Cardinal Wilton Gregory gives his homily at a Nov. 12, 2021 Mass at DeMatha Catholic High School celebrating the Hyattsville school’s 75th anniversary. (CS photo/Andrew Biraj)

Cardinal Gregory said that day’s reading from the letter to the Ephesians was appropriate for the Mass at DeMatha, because St. Paul was writing to a diverse faith community with a variety of gifts in the port city of Ephesus.

“At DeMatha today, many gifts are welcome, many backgrounds are welcome. You represent many different cultures. Some of you speak languages other than English. However, you speak one language perfectly, in your love for one another,” the cardinal said.

Washington’s archbishop joked that he knows there is a great rivalry among local Catholic high school sports teams, and he hears all about it when “DeMatha is on top” from the archdiocesan chancellor, Terry Farrell, a 1983 graduate of the school. He told the students that whether they excel in sports, in music or in other fields, that it is important always to remember that “every gift we have comes from the one Father who fashioned all of us.”

“As you look at the great heritage that is DeMatha, now 75 years old… (and at) all the wonderful things the school has accomplished in its past and hopefully will accomplish in its future, all come as gifts from the one God who desires nothing more than you being one family of faith,” the cardinal said.

DeMatha students offer first-bumps to each other during the sign of peace at a Nov. 12, 2021 Mass marking the school’s 75th anniversary. (CS photo/Andrew Biraj)

After Communion, DeMatha’s principal Daniel McMahon reflected on the religious order that sponsors the school, noting that their official name – the Order of the Most Holy Trinity and of the Captives – reflects how they value human freedom and justice, and the importance of finding God in relationships with others, since the Trinity includes the Father, Son and Holy Spirit.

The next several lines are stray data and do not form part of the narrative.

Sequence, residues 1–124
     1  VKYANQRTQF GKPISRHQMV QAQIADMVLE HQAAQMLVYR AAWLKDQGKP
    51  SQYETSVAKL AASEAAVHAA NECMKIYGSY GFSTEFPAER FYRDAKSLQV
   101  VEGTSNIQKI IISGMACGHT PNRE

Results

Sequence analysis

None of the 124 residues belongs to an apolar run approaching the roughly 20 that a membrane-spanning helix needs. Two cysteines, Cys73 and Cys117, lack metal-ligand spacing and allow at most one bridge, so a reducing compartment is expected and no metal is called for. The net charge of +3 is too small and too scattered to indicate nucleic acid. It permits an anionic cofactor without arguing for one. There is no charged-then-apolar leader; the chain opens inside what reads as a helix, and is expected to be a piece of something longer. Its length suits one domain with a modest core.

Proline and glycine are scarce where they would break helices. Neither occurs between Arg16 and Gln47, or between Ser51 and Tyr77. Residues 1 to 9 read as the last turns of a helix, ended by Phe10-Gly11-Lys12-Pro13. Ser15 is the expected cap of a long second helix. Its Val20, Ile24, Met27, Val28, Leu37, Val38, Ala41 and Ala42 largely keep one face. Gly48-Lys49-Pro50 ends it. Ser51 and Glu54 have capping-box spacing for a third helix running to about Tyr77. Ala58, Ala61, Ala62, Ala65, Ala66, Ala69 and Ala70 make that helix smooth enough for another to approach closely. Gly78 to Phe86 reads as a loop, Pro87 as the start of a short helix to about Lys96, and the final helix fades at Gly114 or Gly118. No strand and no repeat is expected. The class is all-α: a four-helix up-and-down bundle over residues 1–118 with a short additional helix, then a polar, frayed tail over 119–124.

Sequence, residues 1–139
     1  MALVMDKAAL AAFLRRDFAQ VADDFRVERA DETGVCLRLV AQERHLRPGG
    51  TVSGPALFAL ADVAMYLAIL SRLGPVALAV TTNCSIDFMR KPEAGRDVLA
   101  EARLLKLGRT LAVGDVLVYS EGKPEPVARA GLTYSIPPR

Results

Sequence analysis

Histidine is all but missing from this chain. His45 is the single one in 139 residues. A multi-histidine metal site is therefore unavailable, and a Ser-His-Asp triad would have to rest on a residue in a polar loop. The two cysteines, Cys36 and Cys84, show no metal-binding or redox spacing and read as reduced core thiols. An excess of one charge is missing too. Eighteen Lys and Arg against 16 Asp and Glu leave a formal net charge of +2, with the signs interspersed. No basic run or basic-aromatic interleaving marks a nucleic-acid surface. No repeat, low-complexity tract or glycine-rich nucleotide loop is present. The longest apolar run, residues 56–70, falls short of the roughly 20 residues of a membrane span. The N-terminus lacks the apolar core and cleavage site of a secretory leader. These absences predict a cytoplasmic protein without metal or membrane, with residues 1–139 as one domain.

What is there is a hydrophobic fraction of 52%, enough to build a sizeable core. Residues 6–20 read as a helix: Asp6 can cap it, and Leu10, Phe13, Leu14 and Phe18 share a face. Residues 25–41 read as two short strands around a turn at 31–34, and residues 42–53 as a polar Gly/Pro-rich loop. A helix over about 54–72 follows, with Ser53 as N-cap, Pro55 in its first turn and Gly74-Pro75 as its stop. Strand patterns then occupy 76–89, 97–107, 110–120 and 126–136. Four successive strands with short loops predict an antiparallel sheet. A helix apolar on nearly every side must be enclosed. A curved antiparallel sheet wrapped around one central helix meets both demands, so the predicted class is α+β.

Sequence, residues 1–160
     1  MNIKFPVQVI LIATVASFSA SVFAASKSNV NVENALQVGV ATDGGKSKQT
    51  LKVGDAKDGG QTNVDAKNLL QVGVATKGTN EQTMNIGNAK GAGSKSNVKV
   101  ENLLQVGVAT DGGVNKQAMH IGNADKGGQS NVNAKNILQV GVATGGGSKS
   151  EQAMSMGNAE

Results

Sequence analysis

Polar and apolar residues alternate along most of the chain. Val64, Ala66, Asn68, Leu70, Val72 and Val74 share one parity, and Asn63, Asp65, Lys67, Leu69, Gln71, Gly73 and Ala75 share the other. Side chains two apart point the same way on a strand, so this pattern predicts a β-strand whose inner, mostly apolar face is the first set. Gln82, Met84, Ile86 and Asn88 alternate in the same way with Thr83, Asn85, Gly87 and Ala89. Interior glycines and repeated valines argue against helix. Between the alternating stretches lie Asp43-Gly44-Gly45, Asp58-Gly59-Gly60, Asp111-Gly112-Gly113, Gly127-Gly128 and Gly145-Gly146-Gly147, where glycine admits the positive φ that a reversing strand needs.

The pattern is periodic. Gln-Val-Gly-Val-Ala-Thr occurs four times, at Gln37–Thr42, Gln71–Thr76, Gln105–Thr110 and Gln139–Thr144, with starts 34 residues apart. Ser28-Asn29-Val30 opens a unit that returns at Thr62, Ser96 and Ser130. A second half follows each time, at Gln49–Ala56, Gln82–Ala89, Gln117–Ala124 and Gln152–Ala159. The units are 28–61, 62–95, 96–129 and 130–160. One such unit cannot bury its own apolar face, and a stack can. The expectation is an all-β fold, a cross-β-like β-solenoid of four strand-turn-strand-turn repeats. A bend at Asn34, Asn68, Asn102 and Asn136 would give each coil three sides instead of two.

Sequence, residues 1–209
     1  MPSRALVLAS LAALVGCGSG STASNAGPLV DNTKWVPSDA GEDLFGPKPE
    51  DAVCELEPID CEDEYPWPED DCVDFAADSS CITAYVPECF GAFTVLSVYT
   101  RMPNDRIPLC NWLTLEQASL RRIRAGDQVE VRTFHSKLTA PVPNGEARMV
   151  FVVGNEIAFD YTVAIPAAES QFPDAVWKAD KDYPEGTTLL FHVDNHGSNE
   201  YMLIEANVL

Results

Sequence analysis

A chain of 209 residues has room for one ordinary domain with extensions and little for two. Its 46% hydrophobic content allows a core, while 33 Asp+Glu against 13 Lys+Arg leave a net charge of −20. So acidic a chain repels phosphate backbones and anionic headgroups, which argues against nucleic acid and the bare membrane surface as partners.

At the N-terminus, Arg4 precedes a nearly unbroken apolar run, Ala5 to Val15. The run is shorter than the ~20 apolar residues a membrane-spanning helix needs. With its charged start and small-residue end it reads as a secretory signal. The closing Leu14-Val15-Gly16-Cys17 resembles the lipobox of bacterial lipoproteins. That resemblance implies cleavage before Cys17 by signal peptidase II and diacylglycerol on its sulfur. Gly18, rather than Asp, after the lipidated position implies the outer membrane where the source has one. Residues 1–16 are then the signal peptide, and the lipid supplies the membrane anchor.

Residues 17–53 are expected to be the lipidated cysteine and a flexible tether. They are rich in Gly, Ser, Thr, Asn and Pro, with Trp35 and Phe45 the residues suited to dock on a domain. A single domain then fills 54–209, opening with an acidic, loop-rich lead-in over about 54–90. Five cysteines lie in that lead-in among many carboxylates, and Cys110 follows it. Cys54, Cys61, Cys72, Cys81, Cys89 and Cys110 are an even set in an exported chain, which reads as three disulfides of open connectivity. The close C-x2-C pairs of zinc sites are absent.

The Trinitarians’ website notes how the order was founded in 1198 to ransom Christian captives during the Crusades, and how the religious community through its ministries today emphasizes works of mercy and redemption, with a special concern for those who suffer persecution because of their faith in Christ.

Cardinal Gregory was presented with a DeMatha hat and vest jacket, and the students and staff there gave him a long standing ovation as he wore the hat and smiled.

Washington Cardinal Wilton Gregory wears a DeMatha cap and holds a school vest jacket presented to him at the end of a Nov. 12 Mass marking the 75th anniversary of the all-boys’ Catholic high school in Hyattsville, Maryland. In the photo below, DeMatha students applaud the cardinal at the Mass. (CS photos/Andrew Biraj)

The DeMatha community then put their hands over their hearts and sang the school’s Alma Mater, with its refrain that ends with the words, “DeMatha today! DeMatha forever!”

Students at DeMatha Catholic High School in Hyattsville hold their hands over their hearts as they sing the school’s Alma Mater at a Nov. 12, 2021 Mass celebrated by Cardinal Gregory. (CS photo/Andrew Biraj)